The Constitution Act of 1919 specified that Finland would become a republic and served as the nation’s first constitution. The ratification of Finland’s form of government laid the foundations for the country’s modern democracy and highly functional society.
When Finland declared its independence in 1917, it adopted the Constitution Act from the period of Swedish rule in the late 18th century. Even though the proposal to declare a republic was made immediately after the declaration of independence, the Civil War complicated the process.
”The Swedish-era constitution was naturally felt to be outdated for current conditions, and a new form of government was required. In practice, there were three options on the table: a socialist republic, monarchy or non-socialist republic”, says Vesa Vares, Professor of Political History at the University of Turku.
”Contrary to what people think today, a non-socialist republic did not enjoy any overwhelming degree of support. If the Reds had won the civil war, Finland would have become a socialist republic. After the White victory, Finland was close to becoming a monarchy, and we even elected a king. The monarchist project nevertheless foundered when Germany lost the First World War, and so Finland opted to become a non-socialist republic.”
A balance of power for all political opinions
A non-socialist republic was largely what the centrists had wanted, but it also had elements that catered to the left and right.
”As a form of government, the non-socialist republic created a balance of power in which Parliament, the President and the government all had significant powers. In a European comparison, Finland’s Constitution Act actually afforded the President an exceptional amount of power”, Vares says. ”All three political camps were able to introduce features they wanted into the system.”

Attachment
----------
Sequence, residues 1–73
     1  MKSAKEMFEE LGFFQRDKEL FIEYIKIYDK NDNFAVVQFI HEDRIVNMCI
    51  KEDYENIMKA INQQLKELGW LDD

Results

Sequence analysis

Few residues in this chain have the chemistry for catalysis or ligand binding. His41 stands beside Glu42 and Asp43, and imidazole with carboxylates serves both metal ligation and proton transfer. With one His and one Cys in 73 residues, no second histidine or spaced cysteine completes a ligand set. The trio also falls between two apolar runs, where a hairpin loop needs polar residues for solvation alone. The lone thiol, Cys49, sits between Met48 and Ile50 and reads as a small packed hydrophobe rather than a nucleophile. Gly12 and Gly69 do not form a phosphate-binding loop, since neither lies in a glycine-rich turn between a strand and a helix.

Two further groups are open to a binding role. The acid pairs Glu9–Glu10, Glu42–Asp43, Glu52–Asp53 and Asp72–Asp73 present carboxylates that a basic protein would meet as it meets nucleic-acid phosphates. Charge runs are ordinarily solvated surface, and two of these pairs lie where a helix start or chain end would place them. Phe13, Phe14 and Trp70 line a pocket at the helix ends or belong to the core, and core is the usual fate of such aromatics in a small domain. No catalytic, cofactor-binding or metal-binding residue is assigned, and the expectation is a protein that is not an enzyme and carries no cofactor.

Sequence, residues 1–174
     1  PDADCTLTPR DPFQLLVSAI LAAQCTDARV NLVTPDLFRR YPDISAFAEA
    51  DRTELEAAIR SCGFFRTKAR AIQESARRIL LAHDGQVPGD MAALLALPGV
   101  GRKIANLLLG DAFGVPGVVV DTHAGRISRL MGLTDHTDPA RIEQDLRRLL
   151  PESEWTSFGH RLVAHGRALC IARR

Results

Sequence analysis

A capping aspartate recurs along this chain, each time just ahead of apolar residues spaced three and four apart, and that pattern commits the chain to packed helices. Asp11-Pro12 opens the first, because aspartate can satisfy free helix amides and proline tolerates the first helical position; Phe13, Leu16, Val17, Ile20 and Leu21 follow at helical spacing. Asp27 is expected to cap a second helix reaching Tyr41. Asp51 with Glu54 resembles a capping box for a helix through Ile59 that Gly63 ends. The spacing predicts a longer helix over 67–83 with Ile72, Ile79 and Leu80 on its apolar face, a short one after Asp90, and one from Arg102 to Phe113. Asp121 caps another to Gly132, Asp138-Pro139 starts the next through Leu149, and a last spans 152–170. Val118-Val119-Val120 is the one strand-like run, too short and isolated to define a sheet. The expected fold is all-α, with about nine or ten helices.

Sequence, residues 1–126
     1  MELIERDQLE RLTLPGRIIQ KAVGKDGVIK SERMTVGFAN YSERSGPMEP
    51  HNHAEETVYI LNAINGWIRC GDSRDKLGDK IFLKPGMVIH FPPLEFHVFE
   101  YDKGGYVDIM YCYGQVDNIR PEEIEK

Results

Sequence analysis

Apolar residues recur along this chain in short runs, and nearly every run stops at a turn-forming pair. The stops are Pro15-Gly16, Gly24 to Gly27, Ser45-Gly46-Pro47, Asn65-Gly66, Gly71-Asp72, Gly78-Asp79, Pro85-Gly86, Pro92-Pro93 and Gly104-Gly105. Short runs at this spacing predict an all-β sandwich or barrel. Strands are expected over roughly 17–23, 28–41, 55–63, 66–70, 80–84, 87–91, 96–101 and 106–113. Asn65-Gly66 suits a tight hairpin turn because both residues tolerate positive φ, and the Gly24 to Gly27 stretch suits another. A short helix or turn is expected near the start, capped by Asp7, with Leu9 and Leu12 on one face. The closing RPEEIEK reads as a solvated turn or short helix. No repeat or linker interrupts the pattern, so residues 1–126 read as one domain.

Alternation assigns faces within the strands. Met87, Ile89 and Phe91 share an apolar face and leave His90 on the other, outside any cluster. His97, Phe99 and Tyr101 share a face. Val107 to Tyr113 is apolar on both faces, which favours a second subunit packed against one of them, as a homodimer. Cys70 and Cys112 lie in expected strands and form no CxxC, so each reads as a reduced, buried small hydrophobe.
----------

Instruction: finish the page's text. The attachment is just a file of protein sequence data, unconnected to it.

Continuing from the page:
It can be hard for a normal citizen to understand the impact of the Constitution Act of 1919 on our everyday life today.
”The Constitution Act regulates the political balance of power: it lays down the rules according to which laws are enacted, for example. And our daily lives are governed by laws that set the framework for economic activity, social rights and education. Of course, the Constitution Act also includes a mention of the fundamental rights of citizens”, Vares says. ”So, to put it in a nutshell, the Constitution Act provides the chips with which Parliament, the political parties, the government and the President play.”
The Constitution Act of 1919 – the foundation for the best-functioning state in the world?
Finland has been called the most functional country in the world. Could it be explained by the Constitution Act of 1919?
”On the contrary, I think that the constitution and Constitution Act are products of a political culture leaning towards democracy. It also helps that taking everyone into account is considered a self-evident fact of life. In other words, the political culture creates a form of government in its own image”, Vares answers.
”Even if Finland had ended up a monarchy, our lives might not be so different today. It would not have shielded us from outside influences any more than our current form of government has. After the Second World War at the latest, the possible king’s powers would most probable have been curtailed to a level similar to the other Nordic Countries.”
The Constitution Act and Constitution were updated to meet modern needs in 2000.
According to Vares, the most significant parts of the Constitution Act of 1919 are the division of powers and taking everyone into account. It could be that this product of the political climate and culture of that age is one of the pillars on which the functionality of Finnish society rests.